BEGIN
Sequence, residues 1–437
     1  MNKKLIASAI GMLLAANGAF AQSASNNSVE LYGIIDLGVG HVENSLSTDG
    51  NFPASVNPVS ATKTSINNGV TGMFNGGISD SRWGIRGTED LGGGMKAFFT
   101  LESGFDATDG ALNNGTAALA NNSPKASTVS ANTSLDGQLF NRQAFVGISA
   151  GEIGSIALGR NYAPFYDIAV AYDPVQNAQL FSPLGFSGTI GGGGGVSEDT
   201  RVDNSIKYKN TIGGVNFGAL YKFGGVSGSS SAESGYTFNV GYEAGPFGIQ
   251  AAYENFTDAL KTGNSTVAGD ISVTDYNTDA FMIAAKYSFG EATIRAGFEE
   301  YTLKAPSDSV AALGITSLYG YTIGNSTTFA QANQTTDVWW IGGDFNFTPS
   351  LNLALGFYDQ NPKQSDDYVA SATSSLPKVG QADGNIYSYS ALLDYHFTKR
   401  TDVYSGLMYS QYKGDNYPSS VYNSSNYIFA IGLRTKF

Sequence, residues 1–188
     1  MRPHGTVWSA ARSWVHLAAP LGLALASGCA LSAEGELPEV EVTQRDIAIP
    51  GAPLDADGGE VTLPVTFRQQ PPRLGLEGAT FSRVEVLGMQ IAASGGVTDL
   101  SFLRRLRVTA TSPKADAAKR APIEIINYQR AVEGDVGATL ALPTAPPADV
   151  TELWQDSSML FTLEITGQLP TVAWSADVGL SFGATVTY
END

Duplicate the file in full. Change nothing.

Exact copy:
Sequence, residues 1–437
     1  MNKKLIASAI GMLLAANGAF AQSASNNSVE LYGIIDLGVG HVENSLSTDG
    51  NFPASVNPVS ATKTSINNGV TGMFNGGISD SRWGIRGTED LGGGMKAFFT
   101  LESGFDATDG ALNNGTAALA NNSPKASTVS ANTSLDGQLF NRQAFVGISA
   151  GEIGSIALGR NYAPFYDIAV AYDPVQNAQL FSPLGFSGTI GGGGGVSEDT
   201  RVDNSIKYKN TIGGVNFGAL YKFGGVSGSS SAESGYTFNV GYEAGPFGIQ
   251  AAYENFTDAL KTGNSTVAGD ISVTDYNTDA FMIAAKYSFG EATIRAGFEE
   301  YTLKAPSDSV AALGITSLYG YTIGNSTTFA QANQTTDVWW IGGDFNFTPS
   351  LNLALGFYDQ NPKQSDDYVA SATSSLPKVG QADGNIYSYS ALLDYHFTKR
   401  TDVYSGLMYS QYKGDNYPSS VYNSSNYIFA IGLRTKF

Sequence, residues 1–188
     1  MRPHGTVWSA ARSWVHLAAP LGLALASGCA LSAEGELPEV EVTQRDIAIP
    51  GAPLDADGGE VTLPVTFRQQ PPRLGLEGAT FSRVEVLGMQ IAASGGVTDL
   101  SFLRRLRVTA TSPKADAAKR APIEIINYQR AVEGDVGATL ALPTAPPADV
   151  TELWQDSSML FTLEITGQLP TVAWSADVGL SFGATVTY